Then again, as one internationally famous economist I once heard speak said: “All politics is local.” Hence, every act can be seen as a response to the particular way a person, even a fictional person, interacts with the world. How that person interacts depends on so much, far more than a wheelbarrow in the rain, and sometimes it depends solely on the mindset of the author, that puppeteer at the other end of the strings.

And now, without further adieu, I am off to visit my voting venue. I hope we can still be friends tomorrow morning.

(C) Copyright 2010-2012 by Stephen M. Swartz. All Rights Reserved. No part of this blog, whether text or image, may be used without me giving you written permission, except for brief excerpts that are accompanied by a link to this entire blog. Violators shall be written into novels as characters who are killed off. Serious violators shall be identified and dealt with according to the laws of the United States of America.

01 November 2012

November--The Merry Month of Manuscripts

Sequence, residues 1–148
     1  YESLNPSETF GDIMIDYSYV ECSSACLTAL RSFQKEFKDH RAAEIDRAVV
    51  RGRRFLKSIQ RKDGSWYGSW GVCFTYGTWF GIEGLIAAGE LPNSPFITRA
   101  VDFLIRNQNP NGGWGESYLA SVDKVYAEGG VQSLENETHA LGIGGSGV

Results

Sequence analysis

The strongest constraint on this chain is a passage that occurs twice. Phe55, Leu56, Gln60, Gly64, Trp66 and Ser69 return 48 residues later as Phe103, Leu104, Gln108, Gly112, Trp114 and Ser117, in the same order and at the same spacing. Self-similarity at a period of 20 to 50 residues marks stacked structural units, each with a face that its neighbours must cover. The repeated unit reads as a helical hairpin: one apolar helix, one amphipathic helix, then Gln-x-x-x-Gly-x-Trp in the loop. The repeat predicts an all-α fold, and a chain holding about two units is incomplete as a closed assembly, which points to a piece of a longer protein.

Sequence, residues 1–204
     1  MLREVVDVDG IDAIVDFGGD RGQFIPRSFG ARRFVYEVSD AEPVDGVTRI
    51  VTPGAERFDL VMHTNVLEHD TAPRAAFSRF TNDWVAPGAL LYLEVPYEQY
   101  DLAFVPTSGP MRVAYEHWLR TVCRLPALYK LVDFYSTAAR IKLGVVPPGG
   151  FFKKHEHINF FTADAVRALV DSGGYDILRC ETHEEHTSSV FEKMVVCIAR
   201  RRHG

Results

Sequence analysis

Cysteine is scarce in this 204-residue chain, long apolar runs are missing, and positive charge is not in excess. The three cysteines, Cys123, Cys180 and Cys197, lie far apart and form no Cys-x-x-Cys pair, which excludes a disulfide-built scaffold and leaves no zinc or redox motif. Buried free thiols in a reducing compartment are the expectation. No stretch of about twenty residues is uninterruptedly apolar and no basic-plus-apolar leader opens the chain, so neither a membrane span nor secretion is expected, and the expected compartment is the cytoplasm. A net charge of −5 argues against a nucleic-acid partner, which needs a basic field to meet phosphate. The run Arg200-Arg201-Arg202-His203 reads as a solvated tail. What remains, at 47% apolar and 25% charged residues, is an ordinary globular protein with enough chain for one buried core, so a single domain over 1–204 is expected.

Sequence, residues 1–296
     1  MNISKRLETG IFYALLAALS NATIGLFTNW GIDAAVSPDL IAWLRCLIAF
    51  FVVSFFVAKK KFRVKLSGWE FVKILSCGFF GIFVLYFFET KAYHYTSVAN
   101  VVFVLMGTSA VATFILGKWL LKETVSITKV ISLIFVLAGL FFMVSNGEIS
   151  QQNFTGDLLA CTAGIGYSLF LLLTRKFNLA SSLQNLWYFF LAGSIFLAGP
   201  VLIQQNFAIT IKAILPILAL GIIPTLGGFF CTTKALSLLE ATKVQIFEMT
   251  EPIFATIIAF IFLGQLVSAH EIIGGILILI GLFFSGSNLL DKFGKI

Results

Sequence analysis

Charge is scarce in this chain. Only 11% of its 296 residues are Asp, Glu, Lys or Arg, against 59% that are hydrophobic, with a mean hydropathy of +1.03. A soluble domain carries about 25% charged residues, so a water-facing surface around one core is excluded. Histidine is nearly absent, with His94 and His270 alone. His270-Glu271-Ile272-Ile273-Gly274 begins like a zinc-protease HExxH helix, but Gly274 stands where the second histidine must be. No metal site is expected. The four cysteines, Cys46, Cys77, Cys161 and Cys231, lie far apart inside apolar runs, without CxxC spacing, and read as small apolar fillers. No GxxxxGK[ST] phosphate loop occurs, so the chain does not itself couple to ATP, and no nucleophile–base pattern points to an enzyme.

November 1 is a day for anniversaries and deadlines. The end of hurricane season and the end of summer (in the south). Halloween festivities are done and Christmas decorations are being set up. Turkeys are milling warily about the barnyard, and students have decided once and for all whether the semester is salvageable--or not. Trees lose their leaves and the leaves are pressed between the pages of books....

It is also the start of National Novel Writing Month for those who nervous fingers cannot avoid the lusty keys. I have never been able to participate due to its unfortunate scheduling. I could write a draft of a novel in a month--if I had no day job to tend to, if I had no other disruptions, and if I had the idea in advance of the month. I would like to give it a go one of these years.